Today’s Trivia is Part 2 of my notes compiled from Carol Buswell’s talk to EWGS on April 7th:
“We genealogists must remember that governmental archives must, by mandate, keep and preserve the records of the governmental doings of that agency and that’s mostly pretty boring stuff,” Carol smiled and said.
How do you figure out which libraries, historical societies and museums might have the information you seek? “Take the papers of the famous architect, Frank Lloyd Wright, for instance,” Carol said. “Some of his papers are in the National Archives, some in the Library of Congress, some in the Frank Lloyd Wright Museum, some in the Getty Research Institute….well, you get the idea,” she quipped. “No one repository or source will furnish all there is to know or that you want to know on a given topic; you MUST keep looking for new sources.”
On the other hand, government archives keep EVERYTHING created in government offices that is deemed “permanent.” The rest is destroyed. So it is easier to figure out exactly where government-created materials will be than it is in a library, historical society, or museum. It will be in the archives of that government!
Critical to finding anything in an archives is using the card catalog. In the case of our U.S. National Archives, that address is www.catalog.archives.gov . “Just go there and poke around,” Carol advised, “and use a different mindset than you’ve used before.” With 27 billion documents of primary sources, using the catalog is a must, so we must learn to use the catalog and use it creatively. “Looking at something without understanding what you’re looking at is like looking at a black hole,” Carol laughed.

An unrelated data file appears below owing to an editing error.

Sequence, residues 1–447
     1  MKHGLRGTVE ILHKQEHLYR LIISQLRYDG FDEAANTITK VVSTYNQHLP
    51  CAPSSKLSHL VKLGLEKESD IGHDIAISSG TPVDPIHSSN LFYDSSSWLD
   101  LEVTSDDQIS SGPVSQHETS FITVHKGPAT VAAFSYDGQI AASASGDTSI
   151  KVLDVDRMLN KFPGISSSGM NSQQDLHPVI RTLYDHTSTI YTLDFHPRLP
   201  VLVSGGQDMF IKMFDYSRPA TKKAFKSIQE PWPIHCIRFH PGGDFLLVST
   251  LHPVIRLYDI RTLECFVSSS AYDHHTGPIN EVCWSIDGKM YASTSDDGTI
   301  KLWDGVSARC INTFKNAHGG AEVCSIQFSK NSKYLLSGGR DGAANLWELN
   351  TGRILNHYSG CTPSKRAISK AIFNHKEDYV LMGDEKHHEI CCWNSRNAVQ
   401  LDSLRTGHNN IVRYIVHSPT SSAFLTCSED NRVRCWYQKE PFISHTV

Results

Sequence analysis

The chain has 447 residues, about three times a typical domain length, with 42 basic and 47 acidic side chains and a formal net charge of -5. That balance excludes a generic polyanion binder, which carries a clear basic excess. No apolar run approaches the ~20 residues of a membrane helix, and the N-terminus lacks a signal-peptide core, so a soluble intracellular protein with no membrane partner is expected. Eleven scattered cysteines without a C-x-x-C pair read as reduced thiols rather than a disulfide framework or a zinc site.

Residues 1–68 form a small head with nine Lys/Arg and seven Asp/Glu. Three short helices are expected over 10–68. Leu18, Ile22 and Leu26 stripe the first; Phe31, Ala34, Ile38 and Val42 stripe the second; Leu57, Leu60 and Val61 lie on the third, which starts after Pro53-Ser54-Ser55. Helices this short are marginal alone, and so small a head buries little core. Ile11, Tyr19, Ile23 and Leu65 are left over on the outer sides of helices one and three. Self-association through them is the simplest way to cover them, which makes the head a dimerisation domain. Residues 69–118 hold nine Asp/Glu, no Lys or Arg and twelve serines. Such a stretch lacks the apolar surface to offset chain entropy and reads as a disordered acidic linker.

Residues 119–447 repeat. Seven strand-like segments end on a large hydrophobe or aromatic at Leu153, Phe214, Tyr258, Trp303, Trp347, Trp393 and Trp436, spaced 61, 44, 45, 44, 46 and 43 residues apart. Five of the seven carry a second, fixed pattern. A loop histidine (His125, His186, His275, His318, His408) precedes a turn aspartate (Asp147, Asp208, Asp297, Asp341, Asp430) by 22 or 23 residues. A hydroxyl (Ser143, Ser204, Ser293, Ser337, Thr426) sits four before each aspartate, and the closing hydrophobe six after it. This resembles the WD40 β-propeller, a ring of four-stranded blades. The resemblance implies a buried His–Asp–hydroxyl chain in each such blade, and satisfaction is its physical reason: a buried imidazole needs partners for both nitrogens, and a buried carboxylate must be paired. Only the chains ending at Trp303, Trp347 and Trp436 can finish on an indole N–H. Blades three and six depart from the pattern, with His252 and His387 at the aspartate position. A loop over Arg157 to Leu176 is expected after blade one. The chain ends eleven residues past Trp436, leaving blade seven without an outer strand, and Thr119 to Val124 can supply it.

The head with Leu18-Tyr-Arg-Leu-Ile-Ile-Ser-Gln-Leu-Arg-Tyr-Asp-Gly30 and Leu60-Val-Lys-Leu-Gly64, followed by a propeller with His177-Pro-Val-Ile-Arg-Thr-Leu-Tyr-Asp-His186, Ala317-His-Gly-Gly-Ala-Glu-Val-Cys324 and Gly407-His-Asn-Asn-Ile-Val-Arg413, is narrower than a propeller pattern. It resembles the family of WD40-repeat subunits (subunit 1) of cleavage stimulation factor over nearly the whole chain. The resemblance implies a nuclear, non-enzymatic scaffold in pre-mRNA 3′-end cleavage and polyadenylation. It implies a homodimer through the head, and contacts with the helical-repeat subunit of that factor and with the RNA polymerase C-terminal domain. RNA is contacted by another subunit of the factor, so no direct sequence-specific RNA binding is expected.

Carol shared some statistics with us. “Less than 1% of material held by the National Archives has been digitized; most stuff is still in boxes and some of those boxes are opened, on average, once every 87 years! NARA has the records of every federal agency that ever existed….. If those records survived and were turned in.”
One good use of archival records is for furnishing background to enrich the timeline of life for an ancestor. “So they were born in 1851 and died in 1910, what was going on around them in their lifetime?” Carol asked. “A wonderful feature of the National Archives is the website www.docsteach.org. At this website you’ll have access to thousands of primary sources…. Letters, photographs, speeches, posters, maps, videos and other document types…spanning the course of American history and we’re always adding more,” as was shown in Carol’s slide from the home page of this website.
(to be continued/completed next week)